Effects of vegetation on nest microclimate and breeding performanceof lesser black-backed gulls ( Larus fuscus)

Lesser Black-backed Gull (Larus fuscus) Science Article 1


For birds that breed in large colonies, the overall area occupied by the colony generally comprises several sub-areas that di.er in physical and social features such as vegetation and breeding density. Birds arriving at a breeding colony select their nesting sites through a hierarchical process of selecting a sub-area, then a particular nest site with appropriate biotic and physical attributes. Optimal vegetation cover is one such important attribute. Many ground nesting gulls preferentially select nest sites that provide shelter during reproduction, but this presumably has to be balanced against any costs such as reduced visibility of potential predators. The e.ects of vegetation height in the subareas within a colony, and of the amount of vegetation in the immediate vicinity of the nest on nest microclimate were investigated in lesser black-backed gulls Larus fuscus in a colony in which overall vegetation height di.ered in di.erent sub-areas and was patchily distributed within these areas. Tall vegetation did have a sheltering e.ect, and this was positively related with chick growth. However, this vegetation area was associated with lower breeding densities, relatively late laying birds and lower chick survival rate, suggesting that sub-areas with tall vegetation held more lower-quality or young breeders. Within the sub-areas, the birds preferentially selected nest sites with more surrounding vegetation, and this was positively correlated with their hatching success.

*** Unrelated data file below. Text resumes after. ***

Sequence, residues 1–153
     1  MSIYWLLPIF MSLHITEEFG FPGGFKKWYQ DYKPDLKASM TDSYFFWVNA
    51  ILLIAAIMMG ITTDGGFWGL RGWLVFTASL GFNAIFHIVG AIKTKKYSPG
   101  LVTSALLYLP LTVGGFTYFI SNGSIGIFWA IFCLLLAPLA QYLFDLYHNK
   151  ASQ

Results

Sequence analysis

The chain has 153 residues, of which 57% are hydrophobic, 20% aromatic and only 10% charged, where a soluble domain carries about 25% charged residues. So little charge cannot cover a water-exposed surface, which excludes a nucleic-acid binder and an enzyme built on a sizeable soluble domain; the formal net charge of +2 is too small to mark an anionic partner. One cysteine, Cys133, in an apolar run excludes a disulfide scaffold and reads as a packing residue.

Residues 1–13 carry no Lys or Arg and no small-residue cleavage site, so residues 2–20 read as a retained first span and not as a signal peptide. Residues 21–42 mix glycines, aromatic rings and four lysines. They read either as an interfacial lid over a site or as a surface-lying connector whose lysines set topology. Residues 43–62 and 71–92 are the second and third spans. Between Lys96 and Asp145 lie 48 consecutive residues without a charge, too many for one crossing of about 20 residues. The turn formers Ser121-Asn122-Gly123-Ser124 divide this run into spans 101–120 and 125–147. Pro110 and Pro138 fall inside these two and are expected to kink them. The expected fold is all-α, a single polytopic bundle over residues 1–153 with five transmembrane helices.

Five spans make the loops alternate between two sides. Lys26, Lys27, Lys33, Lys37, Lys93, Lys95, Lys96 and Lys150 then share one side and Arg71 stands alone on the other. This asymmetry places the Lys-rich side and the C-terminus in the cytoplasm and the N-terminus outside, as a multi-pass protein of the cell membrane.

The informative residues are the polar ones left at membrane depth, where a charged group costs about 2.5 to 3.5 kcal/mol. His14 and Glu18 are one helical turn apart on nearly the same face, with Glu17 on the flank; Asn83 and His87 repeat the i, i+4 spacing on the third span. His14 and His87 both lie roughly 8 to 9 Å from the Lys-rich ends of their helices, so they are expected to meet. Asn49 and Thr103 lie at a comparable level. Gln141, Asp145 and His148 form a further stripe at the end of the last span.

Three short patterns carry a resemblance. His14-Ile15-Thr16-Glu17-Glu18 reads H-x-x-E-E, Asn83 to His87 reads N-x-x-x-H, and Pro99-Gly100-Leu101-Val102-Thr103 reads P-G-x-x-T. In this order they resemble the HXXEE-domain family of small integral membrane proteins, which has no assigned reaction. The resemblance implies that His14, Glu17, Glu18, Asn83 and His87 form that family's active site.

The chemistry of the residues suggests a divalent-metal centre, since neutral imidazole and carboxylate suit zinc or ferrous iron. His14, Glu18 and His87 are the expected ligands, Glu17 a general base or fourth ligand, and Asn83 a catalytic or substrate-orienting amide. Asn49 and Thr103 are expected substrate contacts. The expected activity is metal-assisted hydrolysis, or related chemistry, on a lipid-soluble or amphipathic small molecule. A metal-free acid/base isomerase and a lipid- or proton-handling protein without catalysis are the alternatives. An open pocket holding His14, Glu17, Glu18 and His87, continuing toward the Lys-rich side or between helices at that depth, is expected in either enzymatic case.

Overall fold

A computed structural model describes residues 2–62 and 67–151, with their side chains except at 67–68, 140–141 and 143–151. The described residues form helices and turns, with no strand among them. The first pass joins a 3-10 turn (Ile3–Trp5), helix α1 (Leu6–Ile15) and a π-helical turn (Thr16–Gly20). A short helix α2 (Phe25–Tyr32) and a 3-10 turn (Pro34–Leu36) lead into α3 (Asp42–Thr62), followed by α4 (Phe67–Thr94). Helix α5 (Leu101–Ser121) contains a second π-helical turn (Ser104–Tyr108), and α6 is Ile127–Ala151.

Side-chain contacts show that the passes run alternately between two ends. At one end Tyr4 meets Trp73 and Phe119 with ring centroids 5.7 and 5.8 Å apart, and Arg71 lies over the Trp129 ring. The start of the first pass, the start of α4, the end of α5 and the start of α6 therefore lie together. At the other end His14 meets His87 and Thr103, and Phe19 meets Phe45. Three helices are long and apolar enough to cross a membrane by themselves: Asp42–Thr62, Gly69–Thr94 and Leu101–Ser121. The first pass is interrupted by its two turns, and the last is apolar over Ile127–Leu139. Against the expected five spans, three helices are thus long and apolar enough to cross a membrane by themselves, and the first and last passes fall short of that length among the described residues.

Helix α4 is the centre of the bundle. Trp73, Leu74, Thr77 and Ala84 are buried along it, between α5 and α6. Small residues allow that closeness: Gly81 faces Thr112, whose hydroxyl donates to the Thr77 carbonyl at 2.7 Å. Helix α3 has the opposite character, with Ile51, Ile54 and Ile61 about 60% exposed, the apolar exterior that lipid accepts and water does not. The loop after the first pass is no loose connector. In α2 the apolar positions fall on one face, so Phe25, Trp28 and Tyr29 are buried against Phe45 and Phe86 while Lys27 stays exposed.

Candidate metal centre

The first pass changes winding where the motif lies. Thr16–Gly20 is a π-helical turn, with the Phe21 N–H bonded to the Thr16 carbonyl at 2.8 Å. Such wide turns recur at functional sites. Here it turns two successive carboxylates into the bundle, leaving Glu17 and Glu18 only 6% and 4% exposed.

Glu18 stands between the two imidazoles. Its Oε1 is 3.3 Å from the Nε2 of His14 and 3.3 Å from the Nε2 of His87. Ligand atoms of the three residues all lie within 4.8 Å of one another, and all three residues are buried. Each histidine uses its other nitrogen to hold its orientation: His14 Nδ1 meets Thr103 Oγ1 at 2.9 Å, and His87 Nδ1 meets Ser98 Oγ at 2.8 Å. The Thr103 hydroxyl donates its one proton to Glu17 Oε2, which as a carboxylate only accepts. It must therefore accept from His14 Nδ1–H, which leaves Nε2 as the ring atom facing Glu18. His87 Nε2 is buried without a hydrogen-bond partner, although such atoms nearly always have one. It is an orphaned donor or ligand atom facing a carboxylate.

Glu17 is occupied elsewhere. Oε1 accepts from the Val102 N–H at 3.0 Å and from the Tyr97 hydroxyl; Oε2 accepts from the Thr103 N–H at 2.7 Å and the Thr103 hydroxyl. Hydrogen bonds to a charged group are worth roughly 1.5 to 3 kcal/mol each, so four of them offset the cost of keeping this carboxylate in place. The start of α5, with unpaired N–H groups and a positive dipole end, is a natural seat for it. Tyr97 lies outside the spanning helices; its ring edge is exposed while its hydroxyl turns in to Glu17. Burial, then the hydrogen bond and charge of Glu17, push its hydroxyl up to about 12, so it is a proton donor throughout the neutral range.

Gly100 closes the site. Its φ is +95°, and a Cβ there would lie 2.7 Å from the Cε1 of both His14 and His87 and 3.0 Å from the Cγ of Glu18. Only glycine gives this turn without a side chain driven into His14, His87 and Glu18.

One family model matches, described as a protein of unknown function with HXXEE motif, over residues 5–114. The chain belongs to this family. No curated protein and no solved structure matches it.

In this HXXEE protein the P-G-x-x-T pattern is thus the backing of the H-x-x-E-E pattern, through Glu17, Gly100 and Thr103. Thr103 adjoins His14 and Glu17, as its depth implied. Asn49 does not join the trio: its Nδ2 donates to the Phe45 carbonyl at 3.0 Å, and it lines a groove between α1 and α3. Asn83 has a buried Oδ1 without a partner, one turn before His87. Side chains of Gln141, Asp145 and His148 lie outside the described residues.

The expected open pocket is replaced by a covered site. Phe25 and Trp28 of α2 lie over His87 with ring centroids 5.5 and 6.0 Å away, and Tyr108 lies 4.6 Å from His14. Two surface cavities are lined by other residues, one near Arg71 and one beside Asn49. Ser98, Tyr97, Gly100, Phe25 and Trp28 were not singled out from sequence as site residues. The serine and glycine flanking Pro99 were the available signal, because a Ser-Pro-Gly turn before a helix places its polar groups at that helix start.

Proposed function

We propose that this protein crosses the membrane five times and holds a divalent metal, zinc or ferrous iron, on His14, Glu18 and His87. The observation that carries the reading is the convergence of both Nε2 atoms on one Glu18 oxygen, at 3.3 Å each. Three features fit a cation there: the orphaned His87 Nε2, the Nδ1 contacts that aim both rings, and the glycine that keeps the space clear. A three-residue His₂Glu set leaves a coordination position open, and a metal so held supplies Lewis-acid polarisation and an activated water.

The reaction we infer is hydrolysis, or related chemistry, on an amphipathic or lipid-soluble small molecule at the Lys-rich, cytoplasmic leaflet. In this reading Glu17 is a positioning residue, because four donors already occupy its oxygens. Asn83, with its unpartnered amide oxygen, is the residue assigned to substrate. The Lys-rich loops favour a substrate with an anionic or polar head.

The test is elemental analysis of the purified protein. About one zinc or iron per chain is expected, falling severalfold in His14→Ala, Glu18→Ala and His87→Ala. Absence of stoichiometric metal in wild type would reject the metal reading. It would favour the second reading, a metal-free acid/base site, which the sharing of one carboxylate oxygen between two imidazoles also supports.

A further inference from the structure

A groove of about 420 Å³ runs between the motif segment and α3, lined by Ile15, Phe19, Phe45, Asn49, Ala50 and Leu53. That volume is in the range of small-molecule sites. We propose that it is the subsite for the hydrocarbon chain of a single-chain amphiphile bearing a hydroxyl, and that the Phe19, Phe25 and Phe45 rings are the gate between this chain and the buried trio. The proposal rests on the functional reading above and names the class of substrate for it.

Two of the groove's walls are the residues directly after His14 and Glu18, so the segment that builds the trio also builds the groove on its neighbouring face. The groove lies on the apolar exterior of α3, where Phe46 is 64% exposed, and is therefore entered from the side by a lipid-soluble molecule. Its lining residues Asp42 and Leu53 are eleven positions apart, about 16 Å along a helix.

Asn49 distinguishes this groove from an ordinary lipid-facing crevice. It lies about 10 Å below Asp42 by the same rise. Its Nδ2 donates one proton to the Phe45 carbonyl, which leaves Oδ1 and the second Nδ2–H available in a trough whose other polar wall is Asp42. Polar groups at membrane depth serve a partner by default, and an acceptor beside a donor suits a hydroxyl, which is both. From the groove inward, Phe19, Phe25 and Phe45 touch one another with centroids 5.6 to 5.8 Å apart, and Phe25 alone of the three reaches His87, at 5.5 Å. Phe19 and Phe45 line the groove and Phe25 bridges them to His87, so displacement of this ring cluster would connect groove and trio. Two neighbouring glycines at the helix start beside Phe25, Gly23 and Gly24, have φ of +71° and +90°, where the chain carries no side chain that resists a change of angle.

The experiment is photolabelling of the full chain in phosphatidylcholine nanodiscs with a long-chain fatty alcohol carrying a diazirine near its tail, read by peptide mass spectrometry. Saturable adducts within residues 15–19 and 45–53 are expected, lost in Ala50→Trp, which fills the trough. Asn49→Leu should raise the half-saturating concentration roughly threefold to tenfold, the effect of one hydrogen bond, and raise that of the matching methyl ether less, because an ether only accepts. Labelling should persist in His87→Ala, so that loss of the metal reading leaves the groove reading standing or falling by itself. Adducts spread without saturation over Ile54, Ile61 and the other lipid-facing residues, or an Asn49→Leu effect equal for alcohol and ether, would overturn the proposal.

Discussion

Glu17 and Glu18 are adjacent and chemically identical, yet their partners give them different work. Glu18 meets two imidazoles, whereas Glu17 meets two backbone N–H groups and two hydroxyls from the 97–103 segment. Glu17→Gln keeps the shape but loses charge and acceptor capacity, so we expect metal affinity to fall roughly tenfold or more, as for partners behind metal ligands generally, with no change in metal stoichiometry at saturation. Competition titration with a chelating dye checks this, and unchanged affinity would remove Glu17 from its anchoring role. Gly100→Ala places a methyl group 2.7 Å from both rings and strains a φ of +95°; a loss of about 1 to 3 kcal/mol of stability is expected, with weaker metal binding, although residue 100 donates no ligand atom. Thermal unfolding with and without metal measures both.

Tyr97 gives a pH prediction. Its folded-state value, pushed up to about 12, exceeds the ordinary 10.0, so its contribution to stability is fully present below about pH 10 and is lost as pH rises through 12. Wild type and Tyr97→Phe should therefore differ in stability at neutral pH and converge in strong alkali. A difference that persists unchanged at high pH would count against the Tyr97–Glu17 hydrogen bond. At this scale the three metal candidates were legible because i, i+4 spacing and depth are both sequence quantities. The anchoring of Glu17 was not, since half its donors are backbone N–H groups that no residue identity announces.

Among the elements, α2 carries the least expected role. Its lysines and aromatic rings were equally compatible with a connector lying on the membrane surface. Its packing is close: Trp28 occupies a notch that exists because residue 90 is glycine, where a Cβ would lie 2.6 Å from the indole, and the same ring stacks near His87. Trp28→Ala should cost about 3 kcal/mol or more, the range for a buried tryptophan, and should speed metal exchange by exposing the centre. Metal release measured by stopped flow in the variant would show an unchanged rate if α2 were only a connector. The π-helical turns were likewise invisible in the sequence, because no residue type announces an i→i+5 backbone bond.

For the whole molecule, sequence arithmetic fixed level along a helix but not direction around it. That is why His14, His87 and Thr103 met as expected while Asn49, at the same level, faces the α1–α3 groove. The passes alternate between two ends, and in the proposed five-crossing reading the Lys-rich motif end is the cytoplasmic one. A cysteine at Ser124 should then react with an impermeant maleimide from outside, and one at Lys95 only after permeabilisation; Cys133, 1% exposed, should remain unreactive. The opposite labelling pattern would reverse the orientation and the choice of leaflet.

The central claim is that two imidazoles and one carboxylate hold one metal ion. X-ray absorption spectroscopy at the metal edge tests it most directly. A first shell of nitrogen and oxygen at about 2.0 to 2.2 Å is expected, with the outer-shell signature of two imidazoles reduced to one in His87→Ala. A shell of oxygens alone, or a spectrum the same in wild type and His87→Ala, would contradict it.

Sin-Yeon Kim, Pat Monaghan, J Ornithol (2005) 146: 176-183

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